I woke up at four, ate breakfast and went back to
bed and slept until 0830. When I got up, I stepped onto the scale and weighed
in at 211.
I spent the morning catching up. I had planned
to go to Jean's, but they are pretty busy today and I decided to
stay home and get some things done here.
The afternoon passed, too, with little accomplished.
It always takes me a few days to adjust to being home.
I looked further into a cell phone replacement.
I'm a bit reluctant to spend money on a phone unless it is insured.
The offer I have seems too good to be true. Additionally, word is
that a new Pixel phone will be coming out soon and be
water-resistant. Water and dust resistance is a big plus in my
I also searched for my drivers license. No
luck. I can't imagine where it went.
* * *
Over the past year, I have been researching obesity
and metabolic syndrome, listening my way though a number of books,
and ending up concluding that the problem is eating too much, too
often, and not just the type of foods offered everywhere we go.
Granted, too many fast carbs, too much meat, too
many chemical additives like preservatives and emulsifiers, and too
much salt are a big problem, too, but it seems that simply making
sure that there is a long period every day without snacking can give
our systems a rest and make a huge difference.
I came across Jason Fung's books and articles and
although he makes things sound simpler and easier than I suspect
they truly are, I think he is on the right track. He claims that
fasting, even for twelve hours overnight can be very helpful, but
that longer fasts may be required to reverse harm already done.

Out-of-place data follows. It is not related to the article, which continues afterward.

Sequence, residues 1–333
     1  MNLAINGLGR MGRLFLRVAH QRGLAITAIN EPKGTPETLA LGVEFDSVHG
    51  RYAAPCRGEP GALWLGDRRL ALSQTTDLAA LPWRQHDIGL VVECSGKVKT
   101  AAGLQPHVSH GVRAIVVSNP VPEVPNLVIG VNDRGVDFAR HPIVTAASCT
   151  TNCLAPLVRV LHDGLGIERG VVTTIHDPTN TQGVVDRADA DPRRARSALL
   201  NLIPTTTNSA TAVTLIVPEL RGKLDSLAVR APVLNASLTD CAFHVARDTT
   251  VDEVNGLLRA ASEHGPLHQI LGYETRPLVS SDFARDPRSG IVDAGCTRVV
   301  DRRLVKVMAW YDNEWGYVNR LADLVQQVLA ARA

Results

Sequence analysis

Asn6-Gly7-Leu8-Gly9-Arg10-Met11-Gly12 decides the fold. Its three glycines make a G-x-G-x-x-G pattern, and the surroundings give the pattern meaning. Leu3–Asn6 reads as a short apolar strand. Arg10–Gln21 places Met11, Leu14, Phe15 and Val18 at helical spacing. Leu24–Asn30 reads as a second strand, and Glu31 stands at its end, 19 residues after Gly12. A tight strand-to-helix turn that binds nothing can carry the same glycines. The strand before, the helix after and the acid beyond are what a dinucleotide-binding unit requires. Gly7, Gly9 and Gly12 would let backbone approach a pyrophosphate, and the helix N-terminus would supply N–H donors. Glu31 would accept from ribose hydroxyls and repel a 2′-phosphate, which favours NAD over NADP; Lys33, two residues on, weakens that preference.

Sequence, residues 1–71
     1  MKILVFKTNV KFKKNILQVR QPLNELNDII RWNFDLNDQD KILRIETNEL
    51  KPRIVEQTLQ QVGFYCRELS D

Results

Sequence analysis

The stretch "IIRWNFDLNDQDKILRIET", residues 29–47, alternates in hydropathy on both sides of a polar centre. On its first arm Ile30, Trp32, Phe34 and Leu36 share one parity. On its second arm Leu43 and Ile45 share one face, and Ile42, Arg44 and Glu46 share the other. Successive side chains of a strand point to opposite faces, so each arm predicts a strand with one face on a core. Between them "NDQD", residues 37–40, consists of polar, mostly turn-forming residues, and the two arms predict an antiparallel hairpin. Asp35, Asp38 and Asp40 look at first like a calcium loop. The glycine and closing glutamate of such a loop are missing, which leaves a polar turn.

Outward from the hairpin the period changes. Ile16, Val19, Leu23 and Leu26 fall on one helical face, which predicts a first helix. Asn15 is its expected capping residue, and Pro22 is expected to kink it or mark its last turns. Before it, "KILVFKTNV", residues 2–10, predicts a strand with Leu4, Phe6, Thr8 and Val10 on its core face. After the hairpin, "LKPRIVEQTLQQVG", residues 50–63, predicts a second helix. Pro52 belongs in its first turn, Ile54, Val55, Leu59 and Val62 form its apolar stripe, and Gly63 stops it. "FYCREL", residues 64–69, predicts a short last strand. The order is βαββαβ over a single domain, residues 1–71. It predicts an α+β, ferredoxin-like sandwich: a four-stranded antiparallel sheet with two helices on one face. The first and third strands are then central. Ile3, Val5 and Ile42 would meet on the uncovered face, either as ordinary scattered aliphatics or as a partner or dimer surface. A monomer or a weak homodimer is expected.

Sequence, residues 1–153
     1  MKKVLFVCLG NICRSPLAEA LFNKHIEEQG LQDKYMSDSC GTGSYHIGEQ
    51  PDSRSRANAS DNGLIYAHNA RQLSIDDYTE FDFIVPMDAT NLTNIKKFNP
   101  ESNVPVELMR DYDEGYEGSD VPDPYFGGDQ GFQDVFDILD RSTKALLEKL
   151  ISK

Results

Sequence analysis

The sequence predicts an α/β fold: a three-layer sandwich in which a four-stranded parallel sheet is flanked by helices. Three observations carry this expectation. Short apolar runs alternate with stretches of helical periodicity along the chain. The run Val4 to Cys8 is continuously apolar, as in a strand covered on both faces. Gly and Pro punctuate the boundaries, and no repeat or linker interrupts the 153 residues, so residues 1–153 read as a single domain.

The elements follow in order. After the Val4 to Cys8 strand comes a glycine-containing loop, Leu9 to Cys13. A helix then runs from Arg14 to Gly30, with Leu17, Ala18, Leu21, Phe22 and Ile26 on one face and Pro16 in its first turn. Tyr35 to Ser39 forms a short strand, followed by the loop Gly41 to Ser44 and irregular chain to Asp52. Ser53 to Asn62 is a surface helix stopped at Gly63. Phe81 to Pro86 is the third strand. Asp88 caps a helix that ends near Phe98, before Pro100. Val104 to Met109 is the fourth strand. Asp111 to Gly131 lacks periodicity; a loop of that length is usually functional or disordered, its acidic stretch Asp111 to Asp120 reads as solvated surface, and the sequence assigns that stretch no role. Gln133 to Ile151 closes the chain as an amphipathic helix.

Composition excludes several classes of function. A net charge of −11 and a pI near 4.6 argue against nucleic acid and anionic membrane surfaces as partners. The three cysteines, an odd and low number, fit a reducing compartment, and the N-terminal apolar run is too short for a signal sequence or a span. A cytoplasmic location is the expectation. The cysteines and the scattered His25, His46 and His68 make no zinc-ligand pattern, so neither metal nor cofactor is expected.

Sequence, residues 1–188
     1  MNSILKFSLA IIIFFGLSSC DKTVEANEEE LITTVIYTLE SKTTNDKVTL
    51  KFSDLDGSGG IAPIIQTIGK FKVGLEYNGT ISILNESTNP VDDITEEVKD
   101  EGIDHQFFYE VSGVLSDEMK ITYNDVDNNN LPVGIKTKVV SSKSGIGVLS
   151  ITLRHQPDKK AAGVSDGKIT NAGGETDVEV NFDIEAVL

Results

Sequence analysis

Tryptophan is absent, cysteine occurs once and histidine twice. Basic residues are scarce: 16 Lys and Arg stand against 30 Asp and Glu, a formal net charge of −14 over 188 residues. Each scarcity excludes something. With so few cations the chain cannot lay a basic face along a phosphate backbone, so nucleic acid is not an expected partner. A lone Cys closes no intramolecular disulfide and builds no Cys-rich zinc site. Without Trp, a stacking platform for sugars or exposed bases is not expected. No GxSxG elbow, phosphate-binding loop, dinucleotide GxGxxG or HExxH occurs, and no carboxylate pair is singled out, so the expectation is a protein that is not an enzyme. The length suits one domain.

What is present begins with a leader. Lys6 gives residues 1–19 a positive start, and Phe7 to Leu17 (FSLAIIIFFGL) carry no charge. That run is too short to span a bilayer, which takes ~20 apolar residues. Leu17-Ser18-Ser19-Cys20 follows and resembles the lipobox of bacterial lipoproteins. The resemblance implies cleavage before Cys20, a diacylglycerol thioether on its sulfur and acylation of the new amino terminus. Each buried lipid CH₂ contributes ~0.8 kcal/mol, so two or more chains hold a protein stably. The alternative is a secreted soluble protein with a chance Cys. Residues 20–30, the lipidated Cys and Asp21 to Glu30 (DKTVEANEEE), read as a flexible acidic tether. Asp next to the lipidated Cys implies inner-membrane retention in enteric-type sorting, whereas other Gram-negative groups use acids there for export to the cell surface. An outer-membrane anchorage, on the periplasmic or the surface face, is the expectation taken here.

This latest article,
Towards a Cure – T2D35 is quite enlightening and, I think, very
important. In it. he presents the thesis that type II diabetes
is natural response to our food habits, and reversible.
Here is a teaser:
"Over 50% of American adults are estimated to
have prediabetes or diabetes. The twin cycles (hepatic and
pancreatic) are not simply rare metabolic mistakes leading to
disease. These responses are almost universal because they serve
as protective mechanisms.
"Protective? I can almost hear you gasp. Insulin resistance and
beta cell dysfunction are protective? Yes. Absolutely. What do
they protect us from? The very name gives use the vital clue.
Insulin resistance protects the liver from too much insulin. Our
body is resisting the excessive insulin, which is harmful.
When insulin levels stay elevated for a
prolonged period, the liver fills up with sugar and fat, like an
over-inflated balloon. The pressure inside the liver goes up and
up, making it increasingly difficult to move sugar into this
overfilled liver. This is insulin resistance. The liver simply
cannot store any, so rejects the incoming sugars, becoming
resistant to insulin’s normal signal. Glucose piles up outside
the cell in the blood.
To protect itself, the body needs to rid
itself of this excessive toxic glucose load. By forcing the
glucose out into the blood, it will spill out in the urine. This
causes many of the symptoms of excessive urination and weight
loss, but at least the toxic glucose load is being excreted.
This new understanding carries several important implications.
First, type 2 diabetes results from a single underlying, unified
mechanism. It does not result from two entirely separate
pathophysiologic mechanisms, one for insulin resistance and
another for beta cell dysfunction. The natural history and all